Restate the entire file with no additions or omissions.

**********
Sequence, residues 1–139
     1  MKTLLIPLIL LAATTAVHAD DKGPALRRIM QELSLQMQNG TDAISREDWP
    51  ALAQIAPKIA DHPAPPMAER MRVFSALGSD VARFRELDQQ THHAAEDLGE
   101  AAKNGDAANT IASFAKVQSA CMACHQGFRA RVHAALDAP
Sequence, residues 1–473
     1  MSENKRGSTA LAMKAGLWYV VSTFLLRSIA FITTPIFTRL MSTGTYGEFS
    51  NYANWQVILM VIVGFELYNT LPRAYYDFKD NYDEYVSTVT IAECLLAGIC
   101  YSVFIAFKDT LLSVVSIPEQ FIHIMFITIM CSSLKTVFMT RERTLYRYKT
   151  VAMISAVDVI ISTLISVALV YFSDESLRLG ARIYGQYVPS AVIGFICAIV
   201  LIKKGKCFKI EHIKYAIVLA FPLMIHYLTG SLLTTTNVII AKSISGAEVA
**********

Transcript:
Sequence, residues 1–139
     1  MKTLLIPLIL LAATTAVHAD DKGPALRRIM QELSLQMQNG TDAISREDWP
    51  ALAQIAPKIA DHPAPPMAER MRVFSALGSD VARFRELDQQ THHAAEDLGE
   101  AAKNGDAANT IASFAKVQSA CMACHQGFRA RVHAALDAP
Sequence, residues 1–473
     1  MSENKRGSTA LAMKAGLWYV VSTFLLRSIA FITTPIFTRL MSTGTYGEFS
    51  NYANWQVILM VIVGFELYNT LPRAYYDFKD NYDEYVSTVT IAECLLAGIC
   101  YSVFIAFKDT LLSVVSIPEQ FIHIMFITIM CSSLKTVFMT RERTLYRYKT
   151  VAMISAVDVI ISTLISVALV YFSDESLRLG ARIYGQYVPS AVIGFICAIV
   201  LIKKGKCFKI EHIKYAIVLA FPLMIHYLTG SLLTTTNVII AKSISGAEVA